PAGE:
For example, if a new Canadian band wanted to record a 10-song album of Neil Young covers, they (or their record label) would pay $0.83 per album sold or otherwise distributed in Canada.
Reproduction licenses must be applied for and agreed upon prior to the manufacture of a sound recording or the synchronization of the music to the other media. Locating the owner of a copyrighted work would be incredibly difficult without centralized organizations like CMRRA and Harry Fox, as there are hundreds of thousands of titles controlled by multi-national publishers or by thousands of individual songwriters with small catalogues.
3) Retransmission Collectives
These music industry collectives came into being from a statutory enactment allowing copyright owners to receive royalties from cable television systems for retransmission signals. Retransmission tariffs are regulated by the Copyright Board through powers granted via the Copyright Act. Currently there are eight retransmission collecting bodies representing various copyright owners including SOCAN. For the purposes of collecting retransmission royalties, SOCAN collects and distributes royalties to copyright owners of music that is integrated in the programming carried in retransmitted radio and television signals.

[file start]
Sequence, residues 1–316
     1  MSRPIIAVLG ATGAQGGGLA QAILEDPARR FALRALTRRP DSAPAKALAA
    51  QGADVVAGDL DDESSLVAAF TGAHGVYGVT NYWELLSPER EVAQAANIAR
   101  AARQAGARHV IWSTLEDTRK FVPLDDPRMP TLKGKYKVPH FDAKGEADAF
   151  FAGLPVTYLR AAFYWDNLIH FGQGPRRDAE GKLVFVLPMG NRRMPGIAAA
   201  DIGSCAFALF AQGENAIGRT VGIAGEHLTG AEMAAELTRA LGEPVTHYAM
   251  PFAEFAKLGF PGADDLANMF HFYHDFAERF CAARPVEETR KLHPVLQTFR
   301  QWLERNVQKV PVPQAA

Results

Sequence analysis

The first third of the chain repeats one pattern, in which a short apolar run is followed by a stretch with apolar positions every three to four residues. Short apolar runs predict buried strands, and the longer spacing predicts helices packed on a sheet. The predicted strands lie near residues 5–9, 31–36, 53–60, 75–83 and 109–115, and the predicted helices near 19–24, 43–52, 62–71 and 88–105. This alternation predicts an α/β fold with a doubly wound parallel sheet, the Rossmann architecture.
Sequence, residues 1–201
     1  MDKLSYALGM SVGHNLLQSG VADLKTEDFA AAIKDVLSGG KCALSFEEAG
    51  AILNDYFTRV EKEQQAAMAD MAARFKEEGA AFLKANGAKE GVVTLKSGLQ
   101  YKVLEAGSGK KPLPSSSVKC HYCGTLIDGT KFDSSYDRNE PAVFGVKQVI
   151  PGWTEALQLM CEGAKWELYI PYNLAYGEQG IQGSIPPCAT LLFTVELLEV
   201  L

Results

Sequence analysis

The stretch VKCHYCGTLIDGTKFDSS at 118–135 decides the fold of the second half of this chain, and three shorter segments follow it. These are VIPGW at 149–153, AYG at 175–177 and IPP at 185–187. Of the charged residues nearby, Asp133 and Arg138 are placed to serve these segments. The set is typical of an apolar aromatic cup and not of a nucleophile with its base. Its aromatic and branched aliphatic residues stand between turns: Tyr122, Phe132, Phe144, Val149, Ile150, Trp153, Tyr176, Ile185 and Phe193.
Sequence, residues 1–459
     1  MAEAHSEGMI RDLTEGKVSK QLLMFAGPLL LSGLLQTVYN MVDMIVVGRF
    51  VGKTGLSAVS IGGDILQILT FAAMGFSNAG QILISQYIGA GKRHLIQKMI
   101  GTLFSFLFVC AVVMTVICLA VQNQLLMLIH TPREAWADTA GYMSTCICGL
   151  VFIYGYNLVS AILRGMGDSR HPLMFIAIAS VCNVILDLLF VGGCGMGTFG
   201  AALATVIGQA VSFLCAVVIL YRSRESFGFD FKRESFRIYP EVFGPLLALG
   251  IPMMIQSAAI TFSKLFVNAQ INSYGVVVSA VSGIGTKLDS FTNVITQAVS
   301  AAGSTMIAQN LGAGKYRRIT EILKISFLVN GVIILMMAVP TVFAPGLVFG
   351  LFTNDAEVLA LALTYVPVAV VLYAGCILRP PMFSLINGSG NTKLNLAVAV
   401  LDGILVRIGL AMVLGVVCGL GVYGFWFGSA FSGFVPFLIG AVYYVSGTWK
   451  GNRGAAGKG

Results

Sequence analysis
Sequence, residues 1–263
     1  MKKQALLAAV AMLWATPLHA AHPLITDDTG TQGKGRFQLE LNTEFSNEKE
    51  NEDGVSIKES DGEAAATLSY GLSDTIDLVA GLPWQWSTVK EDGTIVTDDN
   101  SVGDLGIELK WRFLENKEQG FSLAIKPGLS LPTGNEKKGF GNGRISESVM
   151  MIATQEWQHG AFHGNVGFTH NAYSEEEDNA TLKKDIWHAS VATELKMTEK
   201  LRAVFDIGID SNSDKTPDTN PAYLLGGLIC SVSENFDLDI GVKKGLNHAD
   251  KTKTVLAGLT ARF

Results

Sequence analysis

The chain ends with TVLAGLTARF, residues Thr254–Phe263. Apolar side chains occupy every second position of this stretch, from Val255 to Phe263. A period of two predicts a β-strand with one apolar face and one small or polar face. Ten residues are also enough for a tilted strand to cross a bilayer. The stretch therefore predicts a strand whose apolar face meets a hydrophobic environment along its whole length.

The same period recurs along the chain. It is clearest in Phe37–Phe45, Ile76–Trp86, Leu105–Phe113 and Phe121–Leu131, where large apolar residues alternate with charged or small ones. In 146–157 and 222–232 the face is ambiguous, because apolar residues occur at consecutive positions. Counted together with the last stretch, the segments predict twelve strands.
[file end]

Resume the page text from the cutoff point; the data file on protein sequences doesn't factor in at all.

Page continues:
4) CONNECT Music Licensing
This music industry collective administers licences in Canada for the reproduction of sound recordings, and the reproduction and broadcast of music videos on behalf of the copyright owners (usually record companies). A licence from CONNECT music licensing ensures that owners receive compensation for the use of their sound recordings and/or music videos.
CONNECT is the licensing agent of all the major record companies in Canada and many independent labels, artists and producers. CONNECT’s members own or control the copyright of over 95% of all musical audio recordings and music videos produced and/or distributed in Canada.
5) Streaming Royalties
This is one of the most important music industry collectives of the modern age. Digital royalties are generated when music is streamed through services such as Pandora and SiriusXM, and collected by an agency called SoundExchange. SoundExchange has paid out billions in royalties since their first distribution, and their website has a search function to see if you or your band are owed money.
6) RE:Sound (Formerly the Neighbouring Rights Collective of Canada)
This music industry collective collects money and compensates the performers on a recording rather than the songwriters (session players, singers, performers and record companies). Radio or TV broadcasters pay a tariff to collection agencies in order to compensate the performers and the labels that own the sound recordings. Note: neighbouring rights do not exist in the USA, but exist in many other countries such as Canada and most of Europe. In Canada, register with ACTRA to start receiving these royalties.
7) The Canadian Private Copying Collective
This music industry collective is an umbrella organization whose member collectives represent songwriters, recording artists, music publishers and record companies. The CPCC is the non-profit organization responsible for collecting and distributing private copying levies on behalf of its member collectives.
As always, email me with questions!